ORANGE COUNTY: The Southern California town of Anaheim, home to Disneyland, is caught in an image crisis after a Mexican grocery chain charged town leaders with racist actions.
Gigante USA, the American division of one of Mexico's largest grocery retailers, publicly questioned Anaheim's motives for rejecting a liquor license for the store's first Orange County location. The rejection came last week, after months of tension between the grocer and the town over finding an appropriate location for the store that caters to Latino shoppers.
"When I first started this, I was a little naive. I didn't think prejudice toward Latino entities really existed, Gigante USA president Justo Frias told the AP. "Regretfully, it does. The fact that we sell tacos and bolillos instead of chicken Kiev to go - that is the reason."
Ronald Stockdale, leasing agent for one of the proposed Gigante sites, added, "It's the most thinly veiled act of discrimination I've seen in quite some time."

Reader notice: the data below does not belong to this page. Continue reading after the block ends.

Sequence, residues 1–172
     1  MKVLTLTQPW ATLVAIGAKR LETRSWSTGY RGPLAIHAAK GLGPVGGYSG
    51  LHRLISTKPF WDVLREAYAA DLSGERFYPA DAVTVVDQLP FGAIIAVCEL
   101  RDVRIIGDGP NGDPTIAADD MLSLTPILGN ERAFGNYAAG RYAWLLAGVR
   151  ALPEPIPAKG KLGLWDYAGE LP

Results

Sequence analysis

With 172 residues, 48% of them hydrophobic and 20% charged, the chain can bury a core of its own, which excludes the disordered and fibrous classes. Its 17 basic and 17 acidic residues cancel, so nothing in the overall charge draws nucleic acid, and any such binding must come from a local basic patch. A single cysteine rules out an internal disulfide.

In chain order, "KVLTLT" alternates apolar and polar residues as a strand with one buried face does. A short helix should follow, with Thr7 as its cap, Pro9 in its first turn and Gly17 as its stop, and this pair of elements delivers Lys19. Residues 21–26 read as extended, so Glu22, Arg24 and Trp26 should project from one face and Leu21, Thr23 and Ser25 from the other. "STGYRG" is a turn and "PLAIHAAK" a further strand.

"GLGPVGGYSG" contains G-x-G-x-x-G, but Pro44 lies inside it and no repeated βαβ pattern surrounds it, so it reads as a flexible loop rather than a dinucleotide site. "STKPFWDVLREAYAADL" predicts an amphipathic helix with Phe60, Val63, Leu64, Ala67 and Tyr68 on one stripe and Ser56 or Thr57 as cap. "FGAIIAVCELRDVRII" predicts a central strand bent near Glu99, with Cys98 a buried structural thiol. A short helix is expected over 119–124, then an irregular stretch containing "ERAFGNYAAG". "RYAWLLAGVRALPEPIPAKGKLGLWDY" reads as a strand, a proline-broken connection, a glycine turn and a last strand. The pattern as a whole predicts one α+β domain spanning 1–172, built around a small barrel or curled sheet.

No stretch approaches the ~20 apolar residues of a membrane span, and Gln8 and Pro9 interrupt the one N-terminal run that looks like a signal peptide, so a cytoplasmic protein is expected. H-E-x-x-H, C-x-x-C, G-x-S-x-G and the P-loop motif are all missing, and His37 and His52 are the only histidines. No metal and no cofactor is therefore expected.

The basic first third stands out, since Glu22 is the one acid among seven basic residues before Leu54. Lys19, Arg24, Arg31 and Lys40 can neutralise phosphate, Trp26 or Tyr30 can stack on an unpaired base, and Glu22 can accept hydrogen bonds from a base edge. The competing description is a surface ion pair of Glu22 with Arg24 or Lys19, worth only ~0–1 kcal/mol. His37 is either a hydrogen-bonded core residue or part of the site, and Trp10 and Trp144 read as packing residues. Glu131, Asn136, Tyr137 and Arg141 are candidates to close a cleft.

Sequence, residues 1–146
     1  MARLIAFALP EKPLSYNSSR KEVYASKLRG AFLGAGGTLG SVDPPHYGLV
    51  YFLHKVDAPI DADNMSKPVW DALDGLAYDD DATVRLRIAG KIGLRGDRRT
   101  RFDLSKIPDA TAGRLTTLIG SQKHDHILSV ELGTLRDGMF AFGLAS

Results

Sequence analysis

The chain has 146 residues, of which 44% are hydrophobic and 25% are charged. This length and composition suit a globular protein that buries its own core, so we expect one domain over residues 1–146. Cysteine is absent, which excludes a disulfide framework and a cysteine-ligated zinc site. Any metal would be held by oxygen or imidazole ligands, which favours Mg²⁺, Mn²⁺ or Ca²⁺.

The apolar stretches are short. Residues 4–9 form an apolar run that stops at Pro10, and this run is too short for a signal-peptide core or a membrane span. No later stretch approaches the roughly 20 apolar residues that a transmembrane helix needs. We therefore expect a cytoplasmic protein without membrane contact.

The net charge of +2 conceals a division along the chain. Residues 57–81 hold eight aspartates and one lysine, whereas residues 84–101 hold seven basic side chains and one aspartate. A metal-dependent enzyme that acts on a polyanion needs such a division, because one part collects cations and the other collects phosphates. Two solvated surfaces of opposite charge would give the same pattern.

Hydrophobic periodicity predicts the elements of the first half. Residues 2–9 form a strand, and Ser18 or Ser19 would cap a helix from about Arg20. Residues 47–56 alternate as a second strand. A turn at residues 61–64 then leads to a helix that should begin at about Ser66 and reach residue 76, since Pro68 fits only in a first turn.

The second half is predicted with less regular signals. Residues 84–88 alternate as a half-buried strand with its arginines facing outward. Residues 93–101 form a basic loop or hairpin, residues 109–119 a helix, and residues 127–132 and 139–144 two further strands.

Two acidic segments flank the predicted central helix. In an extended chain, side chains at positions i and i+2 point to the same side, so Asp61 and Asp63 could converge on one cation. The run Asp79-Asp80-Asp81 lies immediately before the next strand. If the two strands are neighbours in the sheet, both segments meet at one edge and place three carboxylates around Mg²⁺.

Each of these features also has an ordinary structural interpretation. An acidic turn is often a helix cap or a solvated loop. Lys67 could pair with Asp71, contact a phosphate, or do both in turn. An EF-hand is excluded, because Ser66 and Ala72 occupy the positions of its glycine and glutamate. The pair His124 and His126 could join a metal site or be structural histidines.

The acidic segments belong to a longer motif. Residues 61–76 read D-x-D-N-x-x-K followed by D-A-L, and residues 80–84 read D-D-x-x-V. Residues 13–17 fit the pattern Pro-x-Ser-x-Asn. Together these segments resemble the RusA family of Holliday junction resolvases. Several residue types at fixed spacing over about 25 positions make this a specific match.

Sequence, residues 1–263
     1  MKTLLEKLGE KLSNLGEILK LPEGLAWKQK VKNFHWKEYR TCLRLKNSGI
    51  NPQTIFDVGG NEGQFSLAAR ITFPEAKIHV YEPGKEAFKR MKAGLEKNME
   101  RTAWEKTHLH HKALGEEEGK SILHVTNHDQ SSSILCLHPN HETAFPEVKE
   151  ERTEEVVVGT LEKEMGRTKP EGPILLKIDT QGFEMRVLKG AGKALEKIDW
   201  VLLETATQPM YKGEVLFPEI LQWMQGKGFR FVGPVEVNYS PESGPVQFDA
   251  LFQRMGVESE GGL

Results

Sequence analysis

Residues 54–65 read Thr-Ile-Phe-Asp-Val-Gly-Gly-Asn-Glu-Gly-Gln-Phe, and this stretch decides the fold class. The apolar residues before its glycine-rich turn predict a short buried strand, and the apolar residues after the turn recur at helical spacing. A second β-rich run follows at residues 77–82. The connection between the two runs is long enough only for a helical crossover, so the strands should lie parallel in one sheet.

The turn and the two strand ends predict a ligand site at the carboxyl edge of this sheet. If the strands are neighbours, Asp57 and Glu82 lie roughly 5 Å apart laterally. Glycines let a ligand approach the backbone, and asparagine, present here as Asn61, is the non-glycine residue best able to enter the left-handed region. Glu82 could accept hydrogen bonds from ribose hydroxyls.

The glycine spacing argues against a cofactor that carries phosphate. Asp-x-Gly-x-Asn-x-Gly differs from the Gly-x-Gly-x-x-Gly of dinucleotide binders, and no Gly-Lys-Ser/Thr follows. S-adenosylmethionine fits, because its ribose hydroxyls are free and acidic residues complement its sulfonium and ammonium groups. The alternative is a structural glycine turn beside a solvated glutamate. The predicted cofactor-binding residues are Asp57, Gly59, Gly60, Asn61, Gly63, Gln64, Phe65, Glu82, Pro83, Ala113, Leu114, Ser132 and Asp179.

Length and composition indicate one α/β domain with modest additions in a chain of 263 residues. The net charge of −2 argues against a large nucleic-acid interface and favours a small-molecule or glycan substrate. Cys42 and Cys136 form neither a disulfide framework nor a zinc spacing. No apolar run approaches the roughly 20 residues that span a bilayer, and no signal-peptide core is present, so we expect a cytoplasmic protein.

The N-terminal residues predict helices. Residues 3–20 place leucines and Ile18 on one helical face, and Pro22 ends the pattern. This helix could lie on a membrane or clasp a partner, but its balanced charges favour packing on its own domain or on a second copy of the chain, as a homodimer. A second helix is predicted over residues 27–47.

Anaheim officials quickly denied the racism allegations, saying that the liquor license was denied due to high crime rates in the area and an abundance of existing liquor outlets.
However, local media picked up the story, as well as Gigante's allegations that Anaheim's mayor had made a previous request that the grocer not move into another high-profile location because the city wanted a store that could provide sales tax. Most groceries are exempt from such taxes. Later, how-ever, Gigante learned that an American grocer was being considered for the very same location.
Anaheim's redevelopment director also recently sent a letter to the mangers of Gigante's current location, threatening to withdraw a city subsidy if Gigante moved in because the store "does not cater to the public at large."
US census figures show that the area around the Gigante store is more than 60% Hispanic, and that the overall Hispanic population in Anaheim is 46.8%.
Gigante plans to appeal the liquor permit decision later this month.